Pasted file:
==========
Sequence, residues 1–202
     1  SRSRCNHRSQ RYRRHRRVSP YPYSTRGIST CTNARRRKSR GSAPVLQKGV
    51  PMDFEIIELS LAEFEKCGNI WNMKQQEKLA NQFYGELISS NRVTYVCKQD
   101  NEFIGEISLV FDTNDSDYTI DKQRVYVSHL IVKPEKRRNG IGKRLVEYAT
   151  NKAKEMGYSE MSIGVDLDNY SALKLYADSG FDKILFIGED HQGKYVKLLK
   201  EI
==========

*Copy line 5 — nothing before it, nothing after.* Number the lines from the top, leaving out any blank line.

   151  NKAKEMGYSE MSIGVDLDNY SALKLYADSG FDKILFIGED HQGKYVKLLK